Axiochus (Greek: Ἀξίοχος) is a Socratic dialogue attributed to Plato, but which is considered spurious.
  • Papyrus Oxyrhynchus 229
    Papyrus Oxyrhynchus 229 (P. Oxy. 229 or P. Oxy. II 229) is a fragment of the Phaedo, a dialogue by Plato, written in Greek.
  • Papyrus Oxyrhynchus 228
    Papyrus Oxyrhynchus 228 (P. Oxy. 228 or P. Oxy. II 228) is a fragment of the Laches, a dialogue of Plato, written in Greek.
  • Clitophon (dialogue)
    The Clitophon (Greek: Κλειτοφῶν, also transliterated as Cleitophon; Latin: Clitopho) is a 4th-century BC dialogue traditionally ascribed to Plato, whose authenticity is debated.
  • List of manuscripts of Plato's dialogues
    Some 250 known manuscripts of Plato survive.
  • Gorgias (dialogue)
    Gorgias (/ˈɡɔːrdʒiəs/; Greek: Γοργίας Ancient Greek: [ɡorɡíaːs]) is a Socratic dialogue written by Plato around 380 BC.
  • Ion (dialogue)
    In Plato's Ion (/ˈaɪɒn/; Greek: Ἴων) Socrates discusses with Ion, a professional rhapsode who also lectures on Homer, the question of whether the rhapsode, a performer of poetry, gives his performance on account of his skill and knowledge or by virtue of divine possession.
  • Demodocus (dialogue)
    Demodocus (/dɪˈmɒdəkəs/; Greek: Δημόδοκος) is purported to be one of the dialogues of Plato.
  • Eryxias (dialogue)
    Eryxias (/ᵻˈrɪksiəs/; Greek: Ἐρυξίας) is a Socratic dialogue attributed to Plato, but which is considered spurious.
  • Sisyphus (dialogue)
    The Sisyphus (Greek: Σίσυφος) is purported to be one of the dialogues of Plato.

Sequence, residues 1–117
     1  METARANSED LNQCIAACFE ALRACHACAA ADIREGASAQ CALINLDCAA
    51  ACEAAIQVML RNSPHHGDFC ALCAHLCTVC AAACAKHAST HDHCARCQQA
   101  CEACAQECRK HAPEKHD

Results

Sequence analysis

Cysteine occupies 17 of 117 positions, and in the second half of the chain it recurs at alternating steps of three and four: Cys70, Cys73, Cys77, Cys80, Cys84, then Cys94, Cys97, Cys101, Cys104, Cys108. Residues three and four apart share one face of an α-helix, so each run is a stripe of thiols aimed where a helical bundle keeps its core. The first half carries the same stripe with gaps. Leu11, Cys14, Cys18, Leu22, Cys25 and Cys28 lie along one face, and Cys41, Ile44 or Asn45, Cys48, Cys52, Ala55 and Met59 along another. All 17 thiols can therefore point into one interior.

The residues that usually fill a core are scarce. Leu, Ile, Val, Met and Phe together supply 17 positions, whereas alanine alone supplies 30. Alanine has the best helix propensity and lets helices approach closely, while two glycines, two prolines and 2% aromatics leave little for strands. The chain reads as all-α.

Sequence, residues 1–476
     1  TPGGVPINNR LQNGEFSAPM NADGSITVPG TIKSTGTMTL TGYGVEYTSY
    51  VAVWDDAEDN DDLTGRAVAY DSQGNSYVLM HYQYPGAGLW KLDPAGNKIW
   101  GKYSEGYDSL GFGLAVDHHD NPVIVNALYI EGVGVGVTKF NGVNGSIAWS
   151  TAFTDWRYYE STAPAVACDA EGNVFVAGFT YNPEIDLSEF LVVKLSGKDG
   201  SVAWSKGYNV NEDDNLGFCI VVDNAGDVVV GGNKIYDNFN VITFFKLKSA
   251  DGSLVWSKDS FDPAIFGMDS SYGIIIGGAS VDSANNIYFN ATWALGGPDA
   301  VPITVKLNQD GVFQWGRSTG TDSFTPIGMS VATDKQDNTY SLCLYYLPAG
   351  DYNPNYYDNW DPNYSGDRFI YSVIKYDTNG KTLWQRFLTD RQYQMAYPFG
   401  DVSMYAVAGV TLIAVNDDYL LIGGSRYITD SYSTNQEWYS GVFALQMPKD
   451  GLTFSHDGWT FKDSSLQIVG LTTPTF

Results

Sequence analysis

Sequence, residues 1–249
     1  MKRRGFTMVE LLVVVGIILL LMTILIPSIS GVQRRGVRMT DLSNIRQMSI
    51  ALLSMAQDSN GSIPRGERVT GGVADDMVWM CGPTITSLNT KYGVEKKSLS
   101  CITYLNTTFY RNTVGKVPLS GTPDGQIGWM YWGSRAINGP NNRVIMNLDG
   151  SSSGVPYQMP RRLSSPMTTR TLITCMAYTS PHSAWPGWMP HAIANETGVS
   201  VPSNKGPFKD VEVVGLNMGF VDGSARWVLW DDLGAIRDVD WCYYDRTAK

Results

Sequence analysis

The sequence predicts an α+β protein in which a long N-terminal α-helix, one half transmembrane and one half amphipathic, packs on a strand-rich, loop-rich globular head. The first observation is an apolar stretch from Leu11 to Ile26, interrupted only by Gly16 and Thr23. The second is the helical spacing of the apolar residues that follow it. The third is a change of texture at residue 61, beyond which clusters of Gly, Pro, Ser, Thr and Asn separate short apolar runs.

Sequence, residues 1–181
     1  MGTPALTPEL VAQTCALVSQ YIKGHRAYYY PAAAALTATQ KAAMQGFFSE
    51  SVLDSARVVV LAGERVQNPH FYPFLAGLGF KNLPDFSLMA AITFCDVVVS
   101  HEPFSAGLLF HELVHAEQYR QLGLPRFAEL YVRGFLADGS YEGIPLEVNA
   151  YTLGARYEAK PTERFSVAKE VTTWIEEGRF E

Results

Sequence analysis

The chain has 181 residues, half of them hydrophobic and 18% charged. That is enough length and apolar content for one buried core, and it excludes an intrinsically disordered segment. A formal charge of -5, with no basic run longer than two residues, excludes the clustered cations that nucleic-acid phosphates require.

• Lysis (dialogue)
    Lysis (/ˈlaɪsɪs/; Greek: Λύσις) is a dialogue of Plato which discusses the nature of friendship.
  • Minos (dialogue)
    Minos (/ˈmaɪnɒs/ or /ˈmaɪnəs/; Greek: Μίνως) is a dialogue attributed to Plato, featuring Socrates and a Companion.
  • On Virtue
    On Virtue (Greek: Περὶ Ἀρετῆς; Latin: De Virtute) is a Socratic dialogue attributed to Plato, but which is considered spurious.
  • On Justice
    On Justice (Greek: Περὶ Δικαίου; Latin: De Justo) is a Socratic dialogue attributed to Plato, but which is considered spurious.
  • Rival Lovers
    The Rival Lovers (Greek: Ἐρασταί; Latin: Amatores) is a Socratic dialogue included in the traditional corpus of Plato's works, though its authenticity has been doubted.
  • Sophist (dialogue)
    The Sophist (Greek: Σοφιστής; Latin: Sophista) is a Platonic dialogue from the philosopher's late period, most likely written in 360 BC.
  • Hippias Minor
    Hippias Minor (Greek: Ἱππίας ἐλάττων), or On Lying, is thought to be one of Plato's early works.